A Pakistani border security guard stands alert at Pakistan-Afghanistan border post, Chaman in Pakistan, May 5, 2017. The U.S. recently decided to withhold $50 million in military aid to Pakistan for failing to do enough against the Haqqani network.
A Pakistani border security guard stands alert at Pakistan-Afghanistan border post, Chaman in Pakistan, May 5, 2017. The U.S. recently decided to withhold $50 million in military aid to Pakistan for failing to do enough against the Haqqani network.

WASHINGTON - An Afghan defense official told VOA that the recent spike in violence in Afghanistan is not the work of the Islamic State terror group. Rather the Pakistan-based Haqqani network is behind the attacks, he said.

General Mohammad Radmanesh, a spokesperson for the Afghan Ministry of Defense, told VOA the Haqqani network, a U.S.-designated terror group, has been carrying out attacks under the name of the IS terror group.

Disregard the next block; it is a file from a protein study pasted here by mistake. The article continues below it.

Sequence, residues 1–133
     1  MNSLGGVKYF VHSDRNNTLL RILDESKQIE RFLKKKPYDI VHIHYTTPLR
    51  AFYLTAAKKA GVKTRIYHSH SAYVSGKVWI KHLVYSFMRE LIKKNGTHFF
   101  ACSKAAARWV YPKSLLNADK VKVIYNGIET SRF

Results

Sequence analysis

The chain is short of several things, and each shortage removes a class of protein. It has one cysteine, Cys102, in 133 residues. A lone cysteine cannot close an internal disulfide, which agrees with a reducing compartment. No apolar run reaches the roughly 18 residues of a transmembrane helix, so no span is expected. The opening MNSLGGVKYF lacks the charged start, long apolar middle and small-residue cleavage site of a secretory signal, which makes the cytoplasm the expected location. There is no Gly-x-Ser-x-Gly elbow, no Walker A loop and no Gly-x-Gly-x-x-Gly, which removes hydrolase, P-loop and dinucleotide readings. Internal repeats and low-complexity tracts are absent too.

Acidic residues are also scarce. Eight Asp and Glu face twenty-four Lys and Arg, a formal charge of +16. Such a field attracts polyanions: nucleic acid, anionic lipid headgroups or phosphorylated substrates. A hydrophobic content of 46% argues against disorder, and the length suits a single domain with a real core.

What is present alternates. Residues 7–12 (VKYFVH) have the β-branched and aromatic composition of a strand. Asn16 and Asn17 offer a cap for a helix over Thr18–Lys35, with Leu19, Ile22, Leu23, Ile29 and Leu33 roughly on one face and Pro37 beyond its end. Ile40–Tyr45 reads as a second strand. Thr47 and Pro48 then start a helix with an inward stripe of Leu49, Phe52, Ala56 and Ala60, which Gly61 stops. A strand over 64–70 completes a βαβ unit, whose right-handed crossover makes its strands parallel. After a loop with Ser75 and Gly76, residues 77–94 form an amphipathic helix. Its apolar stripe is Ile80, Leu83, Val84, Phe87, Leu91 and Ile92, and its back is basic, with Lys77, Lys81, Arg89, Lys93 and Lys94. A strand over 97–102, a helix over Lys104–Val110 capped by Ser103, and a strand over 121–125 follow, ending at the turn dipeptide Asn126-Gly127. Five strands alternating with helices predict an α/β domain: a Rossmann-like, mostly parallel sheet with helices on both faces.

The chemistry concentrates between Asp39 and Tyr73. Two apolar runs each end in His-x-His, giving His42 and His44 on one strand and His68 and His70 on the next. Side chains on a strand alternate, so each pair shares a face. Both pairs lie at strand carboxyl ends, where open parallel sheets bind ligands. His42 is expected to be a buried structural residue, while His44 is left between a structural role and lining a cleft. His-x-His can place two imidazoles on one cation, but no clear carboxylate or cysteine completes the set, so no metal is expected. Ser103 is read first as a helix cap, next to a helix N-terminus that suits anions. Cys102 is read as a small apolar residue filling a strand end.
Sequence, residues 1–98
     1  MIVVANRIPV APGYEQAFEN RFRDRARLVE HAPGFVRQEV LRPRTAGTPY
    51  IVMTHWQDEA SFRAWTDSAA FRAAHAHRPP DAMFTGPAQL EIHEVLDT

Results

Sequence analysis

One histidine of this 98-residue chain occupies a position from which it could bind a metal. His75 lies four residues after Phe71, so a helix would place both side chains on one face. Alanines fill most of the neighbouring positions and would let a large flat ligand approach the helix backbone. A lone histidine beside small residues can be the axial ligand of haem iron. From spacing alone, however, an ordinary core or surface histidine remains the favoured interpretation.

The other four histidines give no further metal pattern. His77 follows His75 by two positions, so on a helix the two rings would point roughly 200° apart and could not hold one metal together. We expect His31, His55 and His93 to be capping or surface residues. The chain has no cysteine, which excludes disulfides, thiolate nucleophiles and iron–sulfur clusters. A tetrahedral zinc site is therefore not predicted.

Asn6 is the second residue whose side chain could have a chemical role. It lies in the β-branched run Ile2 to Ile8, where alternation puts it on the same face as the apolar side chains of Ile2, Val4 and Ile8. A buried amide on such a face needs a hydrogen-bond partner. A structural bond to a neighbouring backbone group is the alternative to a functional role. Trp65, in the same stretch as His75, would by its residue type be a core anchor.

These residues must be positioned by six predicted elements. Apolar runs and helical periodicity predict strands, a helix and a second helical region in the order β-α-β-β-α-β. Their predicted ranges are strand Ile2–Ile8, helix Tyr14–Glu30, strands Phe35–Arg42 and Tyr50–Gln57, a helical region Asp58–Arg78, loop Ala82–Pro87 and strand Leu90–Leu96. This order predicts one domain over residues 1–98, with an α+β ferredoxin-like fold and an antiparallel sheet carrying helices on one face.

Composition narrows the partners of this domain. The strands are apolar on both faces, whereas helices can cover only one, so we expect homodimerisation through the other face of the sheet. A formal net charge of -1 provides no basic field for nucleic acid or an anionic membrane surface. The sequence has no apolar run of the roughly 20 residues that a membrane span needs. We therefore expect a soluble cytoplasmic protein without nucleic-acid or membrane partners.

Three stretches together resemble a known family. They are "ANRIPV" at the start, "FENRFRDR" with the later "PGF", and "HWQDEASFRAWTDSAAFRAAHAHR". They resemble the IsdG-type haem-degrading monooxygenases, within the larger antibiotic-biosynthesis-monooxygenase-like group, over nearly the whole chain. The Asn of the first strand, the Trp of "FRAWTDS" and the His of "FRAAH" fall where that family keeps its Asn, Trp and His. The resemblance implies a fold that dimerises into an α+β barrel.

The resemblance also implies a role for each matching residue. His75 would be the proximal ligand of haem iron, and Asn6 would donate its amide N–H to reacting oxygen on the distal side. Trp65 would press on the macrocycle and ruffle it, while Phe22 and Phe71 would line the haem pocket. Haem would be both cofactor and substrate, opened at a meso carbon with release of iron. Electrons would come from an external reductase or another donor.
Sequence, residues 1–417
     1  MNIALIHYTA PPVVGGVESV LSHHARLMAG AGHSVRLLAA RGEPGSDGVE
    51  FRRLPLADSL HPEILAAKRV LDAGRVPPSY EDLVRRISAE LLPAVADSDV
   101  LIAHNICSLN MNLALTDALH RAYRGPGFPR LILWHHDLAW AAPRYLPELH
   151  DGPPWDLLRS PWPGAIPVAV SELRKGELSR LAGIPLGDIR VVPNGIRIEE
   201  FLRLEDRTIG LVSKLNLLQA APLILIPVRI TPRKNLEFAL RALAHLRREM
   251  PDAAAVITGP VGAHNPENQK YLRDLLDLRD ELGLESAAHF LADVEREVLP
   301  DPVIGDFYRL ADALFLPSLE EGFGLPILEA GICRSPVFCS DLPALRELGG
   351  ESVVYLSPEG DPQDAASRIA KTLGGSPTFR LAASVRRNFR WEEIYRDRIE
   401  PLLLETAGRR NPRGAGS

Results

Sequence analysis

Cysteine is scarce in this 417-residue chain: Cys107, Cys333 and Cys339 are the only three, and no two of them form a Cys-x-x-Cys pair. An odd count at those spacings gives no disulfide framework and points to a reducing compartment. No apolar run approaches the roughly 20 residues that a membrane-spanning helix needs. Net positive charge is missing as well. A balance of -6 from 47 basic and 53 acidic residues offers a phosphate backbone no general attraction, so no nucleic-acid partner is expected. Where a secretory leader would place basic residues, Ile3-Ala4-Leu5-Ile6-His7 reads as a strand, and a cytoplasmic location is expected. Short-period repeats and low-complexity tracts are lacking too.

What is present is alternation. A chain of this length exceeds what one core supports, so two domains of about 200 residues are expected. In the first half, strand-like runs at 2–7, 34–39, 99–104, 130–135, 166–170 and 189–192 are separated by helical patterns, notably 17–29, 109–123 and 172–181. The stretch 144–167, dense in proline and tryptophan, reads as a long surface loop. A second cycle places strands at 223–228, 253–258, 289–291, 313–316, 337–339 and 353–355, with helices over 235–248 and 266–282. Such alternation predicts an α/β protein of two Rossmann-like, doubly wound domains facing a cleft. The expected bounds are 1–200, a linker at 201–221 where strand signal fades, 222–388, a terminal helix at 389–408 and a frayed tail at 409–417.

“Based on our intelligence, they [IS] do not have the ability to carry out such attacks in the capital or its suburbs,” Radmanesh said. “Unfortunately, regional intelligence agencies are trying to portray them as a powerful group. And it is very clear that Haqqani terrorist group is carrying out these activities [attacks] under the name of IS.”

FILE - Armed Taliban fighters are seen at an undis
FILE - Armed Taliban fighters are seen at an undisclosed location in Nangarhar province, Afghanistan, Dec.13, 2010. Taliban fighters are currently engaged in clashes with Islamic State militants in the region.

However, the Afghan general did not rule out the presence of IS in Afghanistan. He said IS does have footprints in the country, but U.S. and Afghan forces have seriously undermined the terror group’s abilities through military operations.

“Afghan security forces have cracked down [on] IS in a number of provinces and have caused them massive casualties in Nangarhar province [IS’s traditional stronghold],” Radmanesh added.

Without specifically naming countries, General Radmanesh blamed the intelligence agencies of regional countries for trying to portray IS in Afghanistan as a potent and powerful terror group.

The Islamic State group in Afghanistan is not linked with the main Islamic State group in Iraq and Syria, he added.

Experts divided

Experts are divided over who the members of the Islamic State in Afghanistan are and whether the Haqqani network and other terror groups have rebranded themselves as IS in the country.